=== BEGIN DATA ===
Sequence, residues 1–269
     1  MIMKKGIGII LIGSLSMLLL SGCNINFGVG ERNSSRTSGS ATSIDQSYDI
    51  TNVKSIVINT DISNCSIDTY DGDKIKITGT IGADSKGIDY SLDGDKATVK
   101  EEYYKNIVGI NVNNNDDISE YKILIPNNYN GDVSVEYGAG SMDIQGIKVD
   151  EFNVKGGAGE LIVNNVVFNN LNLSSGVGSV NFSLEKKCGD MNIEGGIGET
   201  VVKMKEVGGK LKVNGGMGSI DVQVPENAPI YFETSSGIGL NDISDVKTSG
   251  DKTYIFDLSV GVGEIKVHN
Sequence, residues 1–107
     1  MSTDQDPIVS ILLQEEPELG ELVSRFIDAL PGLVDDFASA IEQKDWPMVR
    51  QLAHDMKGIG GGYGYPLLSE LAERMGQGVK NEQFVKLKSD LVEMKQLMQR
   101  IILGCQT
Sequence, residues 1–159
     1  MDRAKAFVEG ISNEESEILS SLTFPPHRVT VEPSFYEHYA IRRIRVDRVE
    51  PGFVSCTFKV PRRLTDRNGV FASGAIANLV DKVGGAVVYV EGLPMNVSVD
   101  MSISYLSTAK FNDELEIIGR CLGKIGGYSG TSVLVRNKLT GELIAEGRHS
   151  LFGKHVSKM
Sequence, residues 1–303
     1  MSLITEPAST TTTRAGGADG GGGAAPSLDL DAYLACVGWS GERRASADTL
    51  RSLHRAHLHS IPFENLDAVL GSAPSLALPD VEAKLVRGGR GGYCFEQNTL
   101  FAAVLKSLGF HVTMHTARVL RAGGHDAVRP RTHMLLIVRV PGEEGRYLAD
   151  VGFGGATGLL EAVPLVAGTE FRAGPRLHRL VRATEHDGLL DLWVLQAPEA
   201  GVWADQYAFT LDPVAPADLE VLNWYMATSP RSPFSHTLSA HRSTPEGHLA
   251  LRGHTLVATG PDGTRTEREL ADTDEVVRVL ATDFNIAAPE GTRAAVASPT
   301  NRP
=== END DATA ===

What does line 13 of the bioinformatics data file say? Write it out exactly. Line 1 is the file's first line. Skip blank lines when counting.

     1  MDRAKAFVEG ISNEESEILS SLTFPPHRVT VEPSFYEHYA IRRIRVDRVE